One community data network established a regional exchange of health 
care data among physicians, hospitals, insurers, and others in the 
community, demonstrating that information can be exchanged securely 
and affordably while improving the quality and reducing the cost of 
health care. It expects to realize over $7 million in benefits for 
participating organizations. Other expected benefits include fewer 
admissions to the emergency department, reductions in staff time spent 
handling test results, and avoidance of test duplication.

To view the full product, including the scope and methodology, click 
on the link above. For more information, contact David Powner at (202) 
512-9286 or

[End of section]




Appendix I: Use of Information Technology for Selected Health Care 

Letter October 31, 2003:

Senator Edward M. Kennedy 
Ranking Minority Member 
Committee on Health, Education, Labor, and Pensions 
United States Senate:

Dear Senator Kennedy:

According to the Institute of Medicine and others, health care is an 
information-intensive industry that remains highly fragmented and 
inefficient. Hence, the use of information technology (IT) in 
delivering clinical care and performing administrative functions has 
the potential to yield both cost savings and improvements in the care 
itself. You asked us to identify cost savings and other benefits 
realized by health care organizations that have implemented IT both in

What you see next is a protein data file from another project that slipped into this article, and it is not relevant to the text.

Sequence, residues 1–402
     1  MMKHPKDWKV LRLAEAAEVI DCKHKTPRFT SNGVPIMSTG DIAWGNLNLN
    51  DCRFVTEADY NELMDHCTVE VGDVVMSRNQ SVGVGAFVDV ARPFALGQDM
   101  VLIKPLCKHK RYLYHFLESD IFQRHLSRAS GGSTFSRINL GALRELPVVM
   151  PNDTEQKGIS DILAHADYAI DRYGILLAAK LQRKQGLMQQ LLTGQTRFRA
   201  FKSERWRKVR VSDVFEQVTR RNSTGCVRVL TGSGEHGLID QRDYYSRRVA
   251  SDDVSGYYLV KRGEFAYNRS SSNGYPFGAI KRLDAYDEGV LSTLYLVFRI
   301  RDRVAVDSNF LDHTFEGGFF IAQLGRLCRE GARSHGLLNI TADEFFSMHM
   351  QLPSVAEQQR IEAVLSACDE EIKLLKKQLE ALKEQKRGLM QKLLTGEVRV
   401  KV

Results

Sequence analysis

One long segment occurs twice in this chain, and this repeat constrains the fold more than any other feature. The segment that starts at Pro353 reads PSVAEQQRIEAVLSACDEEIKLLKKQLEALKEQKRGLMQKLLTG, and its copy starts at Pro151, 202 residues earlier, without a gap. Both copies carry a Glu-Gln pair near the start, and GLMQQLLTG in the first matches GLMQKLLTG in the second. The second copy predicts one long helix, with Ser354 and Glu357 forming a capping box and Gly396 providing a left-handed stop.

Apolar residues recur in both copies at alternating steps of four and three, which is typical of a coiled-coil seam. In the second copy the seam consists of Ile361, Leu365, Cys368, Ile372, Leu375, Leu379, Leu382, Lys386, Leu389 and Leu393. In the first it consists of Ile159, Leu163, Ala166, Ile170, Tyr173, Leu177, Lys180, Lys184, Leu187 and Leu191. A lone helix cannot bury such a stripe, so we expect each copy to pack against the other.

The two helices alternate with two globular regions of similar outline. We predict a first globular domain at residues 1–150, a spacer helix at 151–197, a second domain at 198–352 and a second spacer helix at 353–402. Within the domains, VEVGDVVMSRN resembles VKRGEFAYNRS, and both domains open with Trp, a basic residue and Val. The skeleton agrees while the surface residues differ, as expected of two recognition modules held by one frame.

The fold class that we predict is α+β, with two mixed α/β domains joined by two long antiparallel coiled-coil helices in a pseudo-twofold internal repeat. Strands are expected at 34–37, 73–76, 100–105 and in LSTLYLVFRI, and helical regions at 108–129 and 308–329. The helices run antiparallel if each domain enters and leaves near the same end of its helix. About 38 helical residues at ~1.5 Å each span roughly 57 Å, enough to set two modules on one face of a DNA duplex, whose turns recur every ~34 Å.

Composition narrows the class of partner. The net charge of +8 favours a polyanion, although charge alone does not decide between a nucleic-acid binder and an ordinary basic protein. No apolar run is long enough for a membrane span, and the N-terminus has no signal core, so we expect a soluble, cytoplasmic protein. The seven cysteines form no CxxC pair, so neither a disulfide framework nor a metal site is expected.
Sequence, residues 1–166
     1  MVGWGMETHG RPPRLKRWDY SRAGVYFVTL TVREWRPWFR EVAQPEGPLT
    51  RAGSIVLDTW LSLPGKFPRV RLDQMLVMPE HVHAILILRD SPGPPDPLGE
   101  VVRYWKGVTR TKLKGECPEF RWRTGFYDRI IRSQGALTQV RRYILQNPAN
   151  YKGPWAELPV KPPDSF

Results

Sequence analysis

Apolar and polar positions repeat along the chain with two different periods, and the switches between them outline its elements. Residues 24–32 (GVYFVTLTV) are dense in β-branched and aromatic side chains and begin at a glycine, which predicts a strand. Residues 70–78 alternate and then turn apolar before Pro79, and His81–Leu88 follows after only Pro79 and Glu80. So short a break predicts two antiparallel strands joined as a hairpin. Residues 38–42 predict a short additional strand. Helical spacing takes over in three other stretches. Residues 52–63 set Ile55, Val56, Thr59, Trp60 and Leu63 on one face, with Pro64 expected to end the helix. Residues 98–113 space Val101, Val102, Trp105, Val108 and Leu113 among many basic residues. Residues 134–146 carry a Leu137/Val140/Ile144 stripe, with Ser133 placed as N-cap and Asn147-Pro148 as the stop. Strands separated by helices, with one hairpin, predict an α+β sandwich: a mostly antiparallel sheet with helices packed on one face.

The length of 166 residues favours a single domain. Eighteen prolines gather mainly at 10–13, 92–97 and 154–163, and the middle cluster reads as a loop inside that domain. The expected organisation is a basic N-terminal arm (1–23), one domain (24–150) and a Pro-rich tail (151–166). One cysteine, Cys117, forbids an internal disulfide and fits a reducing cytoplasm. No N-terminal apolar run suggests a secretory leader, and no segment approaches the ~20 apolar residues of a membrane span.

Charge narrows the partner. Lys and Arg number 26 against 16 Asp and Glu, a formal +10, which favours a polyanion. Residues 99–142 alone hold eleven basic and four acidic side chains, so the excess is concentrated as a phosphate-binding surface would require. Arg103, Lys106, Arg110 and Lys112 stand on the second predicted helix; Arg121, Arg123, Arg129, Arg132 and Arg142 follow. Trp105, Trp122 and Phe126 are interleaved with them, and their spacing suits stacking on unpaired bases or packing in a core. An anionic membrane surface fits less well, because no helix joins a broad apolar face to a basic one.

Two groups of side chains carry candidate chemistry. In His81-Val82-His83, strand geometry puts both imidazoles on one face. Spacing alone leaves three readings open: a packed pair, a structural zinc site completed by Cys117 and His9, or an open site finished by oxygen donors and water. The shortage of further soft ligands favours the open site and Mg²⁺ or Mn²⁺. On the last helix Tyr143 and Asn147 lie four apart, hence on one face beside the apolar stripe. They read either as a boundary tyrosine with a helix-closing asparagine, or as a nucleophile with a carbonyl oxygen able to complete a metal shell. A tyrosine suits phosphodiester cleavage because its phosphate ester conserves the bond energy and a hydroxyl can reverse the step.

providing clinical health care and in the administrative functions 
associated with health care delivery.

To identify monetary and other benefits resulting from the use of IT, 
we reviewed available literature and consulted with experts in the 
academic and professional community about electronic medical records 
and about cost savings and other benefits that have been reported by 
health care organizations. We identified key clinical health care and 
administrative functions for which IT is used and then identified 
health care organizations recognized in the health care community that 
could provide data to demonstrate cost savings and other benefits 
realized from implementing IT. We obtained and analyzed data reported 
by 10 private and public health care delivery organizations, 3 health 
care insurers, and 1 community data network. We conducted our work from 
October 2002 through August 2003 in accordance with generally accepted 
government auditing standards.

On October 8, 2003, we provided your office with a briefing on the 
results of this review, which is included as appendix I. The purpose of 
this letter is to provide the published briefing slides to you.